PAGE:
Remember that time you chased after the local bad boy/girl, unable to control your attraction even after they killed your family, burnt down your village, and overthrew your entire kingdom? That can happen in video games, too--only, it’s the player who’s picking sides with the villain instead of the hero. Sometimes, the central lead of a game pales in personality compared to their enemy, and we can’t help but feel an affinity for the evil endeavors of the main villain.
This isn’t a list of the best bad guys outright; instead, we’ve rounded up our picks for the villains who positively outshined their respective protagonists, inspiring us to press on just to see what reprehensible thing they’d do next. Though we ought to be quivering in fear of their presence, we can’t help but be delighted whenever these scoundrels show up. Here are the villains who were more captivating than the main character they tormented…
7. Lance Vance (Grand Theft Auto: Vice City)
The inventor and propagator of the Lance Vance Dance serves as gaming’s best reminder of why backstabbing hurts so bad. This cool cat was a cocaine dealer and one of the only close friends Tommy Vercetti ever had--which made it all the more gut-wrenching when Lance betrayed Tommy for cash during the game’s climax. Tommy might’ve been a step up from GTA III’s silent protagonist, but he didn’t register much beyond being a level-headed criminal. Lance, on the other hand, was the upbeat crook who made the most of his illegal lifestyle.
It was Lance’s style to sit back and let Tommy take the wheel, balancing out Vercetti’s unflinchingly thuggish attitude. Given how little Tommy respects his contributions to their drug ring, we’re almost inclined to side with Lance for finally trying to get his piece of the greenback pie. Such feelings of inferiority are explained in Vice City Stories, where Lance first played number two to his older brother Victor. His camaraderie as a friend is what makes him such a significant enemy, and he serves as the prime example of why you shouldn’t get high off your own supply.
6. Handsome Jack (Borderlands 2)
Oh sure, the Vault Hunters are plenty cool and varied. But once you’ve heard the Commando, Axton, spout the same dudebro one-liners over and over again, it can all feel rather…tedious. Handsome Jack is a whole ‘nother story--we never tire of hearing his comedic, malicious rants, or how we were nothing compared to his greatness. Hiding behind someone else’s smarmy visage clamped onto his face, Jack never misses a beat to taunt, belittle, and/or laugh at us while we killed Psychos in the pursuit of loot.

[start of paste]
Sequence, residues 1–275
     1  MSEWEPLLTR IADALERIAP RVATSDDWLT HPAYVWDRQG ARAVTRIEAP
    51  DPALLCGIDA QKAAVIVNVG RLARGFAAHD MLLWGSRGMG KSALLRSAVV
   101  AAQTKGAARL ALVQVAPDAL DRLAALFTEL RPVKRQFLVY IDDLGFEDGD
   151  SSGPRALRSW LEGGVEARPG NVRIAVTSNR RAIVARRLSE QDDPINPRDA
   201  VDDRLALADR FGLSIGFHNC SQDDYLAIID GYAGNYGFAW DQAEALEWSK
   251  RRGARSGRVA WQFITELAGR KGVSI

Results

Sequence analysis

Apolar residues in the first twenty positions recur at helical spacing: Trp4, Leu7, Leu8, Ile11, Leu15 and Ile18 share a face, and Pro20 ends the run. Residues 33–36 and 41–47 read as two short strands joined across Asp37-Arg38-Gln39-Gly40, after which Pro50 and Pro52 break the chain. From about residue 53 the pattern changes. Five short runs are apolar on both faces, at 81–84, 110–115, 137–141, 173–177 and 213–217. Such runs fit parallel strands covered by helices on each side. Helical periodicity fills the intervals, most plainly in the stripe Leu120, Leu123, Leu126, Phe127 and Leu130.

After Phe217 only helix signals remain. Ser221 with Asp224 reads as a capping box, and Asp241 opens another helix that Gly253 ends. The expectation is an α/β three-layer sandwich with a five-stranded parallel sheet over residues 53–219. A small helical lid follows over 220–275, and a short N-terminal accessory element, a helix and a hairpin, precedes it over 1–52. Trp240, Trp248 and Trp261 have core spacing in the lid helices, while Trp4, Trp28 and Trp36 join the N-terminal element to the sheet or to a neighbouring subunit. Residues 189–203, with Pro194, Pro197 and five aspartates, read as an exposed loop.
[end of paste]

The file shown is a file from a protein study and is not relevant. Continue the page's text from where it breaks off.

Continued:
Handsome Jack is, in layman’s terms, a complete dickhead--but for some reason, his constant yammering about how superior and rich he is kind of grows on you after a while. How can you not appreciate the pomposity of a man who names his crystal-covered pony Butt Stallion, then has the nerve to blather about it into your ear for an entire mission? The further you progress, Jack gets increasingly nuttier and deplorable, which only adds to the buildup of putting him down like a sick dog.
5. Kane (Command & Conquer series)
Kane here is a bit of an acquired taste--one that requires familiarity with the lengthy C&C franchise--but he offers delightfully villainous fan service in a way few games have. Seemingly unable to die (or age, judging his unchanging portrayal by the affable Joseph D. Kucan), Kane and his zealous Brotherhood of Nod followers are like a thorn that’s forever in the side of potential world peace. All that stands against him are some goody two-shoes GDI leaders, who aren’t the most complex protagonists on the block.
This charismatic lunatic is actually an alien invader dating back to Biblical times--though you’d never know it just looking at him. Through countless Tiberium Wars, he’s fought for world domination, maintaining his leadership by killing any underlings who disappoint or disobey him. Also, it turns out that Joseph Stalin was just Kane’s puppet. You’ve got to have some serious villainy clout to pull that off.
4. Albert Wesker (Resident Evil series)
Don’t hate Wesker because he’s excessively good-looking--hate him for the mass genocide his grand plans have wrought. With razor-sharp wits to match his inhuman combat abilities, Wesker’s mere presence means very bad news for everyone within a 100-mile radius. Throughout his transformation from two-faced S.T.A.R.S. agent to Prototype-virus-fueled killing machine, Wesker has always maintained an ice-cold cunning that leaves zero room for remorse, or concern for the welfare of others. That’s what makes him the perfect foil to Chris Redfield’s brash heroics, which usually involve emptying entire clips into a single zombie or punching a boulder with his bare fists.
It certainly doesn’t hurt Wesker’s badass factor when he can move with the bullet-dodging agility of Agent Smith, or willfully let himself be killed knowing he would resurrect as an almighty abomination of human and viral DNA. He’s convinced--perhaps correctly--that “The only thing that can defeat power is more power.” When you can hurl man-sized steel missiles like they were toothpicks, it’ll take a hell of a lot of power to bring you down.